Italian luxury house Salvatore Ferragamo has unveiled Icon-Up, a 300-piece upcycled capsule collection made from repurposed luxury materials.
According to research, the fashion industry produces over 92 million tonnes of waste per year worldwide, with the average consumer purchasing 60 per cent more pieces of clothing than they did 15 years ago.
Unfortunately, discarded materials eventually go into landfills, emitting methane and polluting the land and waters with chemicals during decomposition. With upcycling, they’re transformed into something new, giving them a second chance and preventing them from going to waste.
In this new collection, unsold silk fabrics are repurposed, shoes are recovered at the end of their life cycle, and belts are revived from production leftovers. Each item is crafted by Manovian artisans to maintain the brand’s heritage and local production.
For the shoes, the styles Vara and Varina have been re-imagined using leftover silk goods – with discarded foulards, ties, and pouchettes dissembled and reworked as bows. While unsold belts from the brand’s inventory are detailed using salvaged silk from pre-existing products.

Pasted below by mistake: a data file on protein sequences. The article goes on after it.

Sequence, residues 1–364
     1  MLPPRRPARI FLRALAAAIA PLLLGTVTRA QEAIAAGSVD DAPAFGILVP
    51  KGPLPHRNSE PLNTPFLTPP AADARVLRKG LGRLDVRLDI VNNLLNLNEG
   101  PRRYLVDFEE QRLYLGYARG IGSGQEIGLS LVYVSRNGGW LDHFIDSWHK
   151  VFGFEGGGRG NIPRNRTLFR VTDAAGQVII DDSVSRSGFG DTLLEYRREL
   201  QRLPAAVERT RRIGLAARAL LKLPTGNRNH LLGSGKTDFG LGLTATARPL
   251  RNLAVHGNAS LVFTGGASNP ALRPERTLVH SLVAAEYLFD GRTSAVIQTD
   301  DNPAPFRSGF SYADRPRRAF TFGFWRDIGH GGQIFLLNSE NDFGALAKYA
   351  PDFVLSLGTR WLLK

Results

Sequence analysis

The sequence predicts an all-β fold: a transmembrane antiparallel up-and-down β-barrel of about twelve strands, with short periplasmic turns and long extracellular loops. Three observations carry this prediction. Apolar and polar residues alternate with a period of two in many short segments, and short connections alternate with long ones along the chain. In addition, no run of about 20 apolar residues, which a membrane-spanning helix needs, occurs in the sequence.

The brand also extended sustainable elements to its packaging. For example, drawstring dust bags usually included in luxury purchases are made with refashioned fabric and leather cords from production leftovers.
In addition, boxes are created using Favini Remake Paper – a blend of 30 per cent post-consumer waste pulp and 25 per cent pre-consumer leather waste. The Favini brand also participates in sustainable initiatives such as protecting ancient woodlands and promoting responsible forest management.
“We believe that reducing the industry’s footprint has to be holistic, and we must seek out responsible raw materials and end of useful life solutions for collections and packaging alike,” the brand says on its website. “If sustainability is a forest, upcycling is a tall tree that grows steadily within its centre.”
The Salvatore Ferragamo Icon-Up collection is available exclusively on FarFetch as part of its Positively Conscious selection.